While the most exciting packaging of these products that I ever saw were brown generic barrels with odd-colored powders in them, what we do have is simply a beautiful collection of old apothecary jars. (Of this kind). I believe most of them are from Hungary (where my grandparents came from), but I'm not certain.

I've never understood people who use drugs as an occupational stimulant - it reminds me of my architect roommate in college getting cranked out for an entire week to finish a model or blueprint. Personally, i think drugs are what you should do for fun after you're done with work.

But also i never experienced the peer pressure aspect of drug use in highschool or college - either you did them or you didn't but it never seemed to be a big deal for either side. As a side note, R. Crumb was an icon for pot-smokin hippies, but he's a self-admitted square (his vice is sex).
big steve

Oh, and Michael, it's funny that you talk about the resulting design of 'legitimate' and 'recreational' drugs parting ways (i wouldnt categorize them as such but that's another discussion) because though they may have split so many years ago, they've really come back together in recent years.
After people stopped doing E when they realized it made them look ugly and old (yep, vanity is the anti-drug) 'Pharmies' blew up. Coke and heroin and speed took a backseat to Adderall, Ultraset, Perkaset, Vicodin, hydracodone, Oxycontin, Rohypnol, et al which are much more portable and safer to carry/easier to use... But what's my point? Check out how trendy and '21st century motion graphics' the drug company ads have become in the past few years. Everything from penis pills to allergy medication reaks of Getty Images stock footage, which is in sharp contrast to the much more conservative drug company ads of the past.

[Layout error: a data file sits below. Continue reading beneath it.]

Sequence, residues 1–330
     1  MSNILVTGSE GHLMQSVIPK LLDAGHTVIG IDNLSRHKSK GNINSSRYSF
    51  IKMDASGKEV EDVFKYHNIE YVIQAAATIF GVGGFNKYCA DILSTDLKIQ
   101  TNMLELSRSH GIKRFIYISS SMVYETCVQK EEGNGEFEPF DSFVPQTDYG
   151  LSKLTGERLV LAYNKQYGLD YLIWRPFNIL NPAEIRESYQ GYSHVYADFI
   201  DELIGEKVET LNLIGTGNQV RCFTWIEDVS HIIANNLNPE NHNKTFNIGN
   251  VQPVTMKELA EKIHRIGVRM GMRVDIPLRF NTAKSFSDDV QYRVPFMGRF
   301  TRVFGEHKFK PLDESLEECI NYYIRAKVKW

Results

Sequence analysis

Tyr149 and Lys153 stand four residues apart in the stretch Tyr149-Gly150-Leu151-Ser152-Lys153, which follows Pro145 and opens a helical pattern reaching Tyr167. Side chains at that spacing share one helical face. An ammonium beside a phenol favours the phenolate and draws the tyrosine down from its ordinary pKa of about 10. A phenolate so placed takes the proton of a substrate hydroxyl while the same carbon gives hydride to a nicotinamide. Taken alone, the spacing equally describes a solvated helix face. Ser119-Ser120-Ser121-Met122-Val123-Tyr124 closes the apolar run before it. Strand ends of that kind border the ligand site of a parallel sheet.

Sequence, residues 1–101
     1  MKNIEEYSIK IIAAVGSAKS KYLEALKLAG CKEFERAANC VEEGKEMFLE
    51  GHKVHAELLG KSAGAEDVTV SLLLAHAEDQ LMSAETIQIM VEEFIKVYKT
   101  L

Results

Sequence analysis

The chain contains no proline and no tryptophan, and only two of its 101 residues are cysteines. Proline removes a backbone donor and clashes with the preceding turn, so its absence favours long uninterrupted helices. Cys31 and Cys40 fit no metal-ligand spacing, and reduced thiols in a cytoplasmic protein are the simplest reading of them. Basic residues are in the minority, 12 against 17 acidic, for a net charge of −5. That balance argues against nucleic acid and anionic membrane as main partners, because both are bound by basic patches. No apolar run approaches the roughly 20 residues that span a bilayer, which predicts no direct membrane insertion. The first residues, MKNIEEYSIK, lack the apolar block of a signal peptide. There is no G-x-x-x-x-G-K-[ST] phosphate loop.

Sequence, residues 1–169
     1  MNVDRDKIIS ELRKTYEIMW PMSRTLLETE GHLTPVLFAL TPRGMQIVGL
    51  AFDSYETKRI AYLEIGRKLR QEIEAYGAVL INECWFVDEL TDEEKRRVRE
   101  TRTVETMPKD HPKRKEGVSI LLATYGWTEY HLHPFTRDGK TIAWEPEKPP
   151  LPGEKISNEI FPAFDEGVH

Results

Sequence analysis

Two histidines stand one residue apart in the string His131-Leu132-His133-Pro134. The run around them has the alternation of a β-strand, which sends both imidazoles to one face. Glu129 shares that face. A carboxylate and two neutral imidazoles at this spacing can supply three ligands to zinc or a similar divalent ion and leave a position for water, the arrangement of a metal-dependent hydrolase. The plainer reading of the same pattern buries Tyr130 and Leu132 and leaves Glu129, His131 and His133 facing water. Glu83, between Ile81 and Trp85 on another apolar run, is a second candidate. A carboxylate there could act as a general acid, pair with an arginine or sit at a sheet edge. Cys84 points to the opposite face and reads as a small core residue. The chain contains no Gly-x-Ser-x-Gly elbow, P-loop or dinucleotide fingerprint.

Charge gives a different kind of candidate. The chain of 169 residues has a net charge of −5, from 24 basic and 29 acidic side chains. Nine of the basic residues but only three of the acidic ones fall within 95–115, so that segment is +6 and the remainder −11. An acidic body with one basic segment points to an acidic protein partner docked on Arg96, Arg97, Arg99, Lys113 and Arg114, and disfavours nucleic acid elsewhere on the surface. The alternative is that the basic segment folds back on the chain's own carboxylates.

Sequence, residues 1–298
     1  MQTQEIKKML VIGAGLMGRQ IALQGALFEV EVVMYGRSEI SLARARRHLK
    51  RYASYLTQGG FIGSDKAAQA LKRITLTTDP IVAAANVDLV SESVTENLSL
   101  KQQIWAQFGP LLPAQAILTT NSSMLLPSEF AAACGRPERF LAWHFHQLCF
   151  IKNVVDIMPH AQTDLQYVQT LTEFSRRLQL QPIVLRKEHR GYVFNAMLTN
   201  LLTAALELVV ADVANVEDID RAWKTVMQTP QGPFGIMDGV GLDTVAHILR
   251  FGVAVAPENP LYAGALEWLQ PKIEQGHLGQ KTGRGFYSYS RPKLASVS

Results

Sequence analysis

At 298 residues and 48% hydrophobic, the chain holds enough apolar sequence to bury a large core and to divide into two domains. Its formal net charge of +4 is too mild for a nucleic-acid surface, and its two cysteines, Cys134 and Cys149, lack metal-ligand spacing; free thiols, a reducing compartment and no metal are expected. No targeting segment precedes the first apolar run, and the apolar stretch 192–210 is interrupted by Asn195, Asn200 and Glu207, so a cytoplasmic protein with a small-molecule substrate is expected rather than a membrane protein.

big steve

Readers interested in some of the more rarified examples of pharmacy chic may be interested in a piece in today's New York Times noting Sotheby's plans to auction the contents of Hirsts's London-based Pharmacy (a bar, not a drugstore) in October.
Jessica Helfand

Jessica Helfand writes [July 1, 2004]:
"It would be nice if your father had tucked away somewhere original issues of Scope Magazine. Designed by Lester Beall and Will Burtin."

In fact I'm writing a book about Will Burtin, my late father-in-law, and was interested to stumble into your site--and that quotation. Fascinating. Perhaps the most comprehensive collection of SCOPE magazine copies is lodged at the Rochester Institute of Technology (NY).

Professor Roger Remington ([email protected]) is the guy in charge, and my co-author.

Is there something I should know about SCOPE that I've missed?

You go on to say: "Over time, I became utterly committed to my flawed hypothesis, determined to prove that design and pharmacy had nothing in common." In fact, in Will Burtin's design practice they had much in common.

If you have interesting factoids about Will Burtin, I would be grateful if you would point them my way. Having known him for 11 years, and lived with his daughter Carol for over 30, I'm well informed, but gems slip through.

Best regards,

Robert Fripp ([email protected])
Robert Fripp